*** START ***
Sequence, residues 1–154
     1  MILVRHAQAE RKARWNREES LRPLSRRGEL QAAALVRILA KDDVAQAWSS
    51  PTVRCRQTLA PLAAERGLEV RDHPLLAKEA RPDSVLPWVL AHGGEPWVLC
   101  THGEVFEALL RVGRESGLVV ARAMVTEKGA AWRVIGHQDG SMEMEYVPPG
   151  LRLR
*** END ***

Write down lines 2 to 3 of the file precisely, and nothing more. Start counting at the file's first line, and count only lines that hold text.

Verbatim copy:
     1  MILVRHAQAE RKARWNREES LRPLSRRGEL QAAALVRILA KDDVAQAWSS
    51  PTVRCRQTLA PLAAERGLEV RDHPLLAKEA RPDSVLPWVL AHGGEPWVLC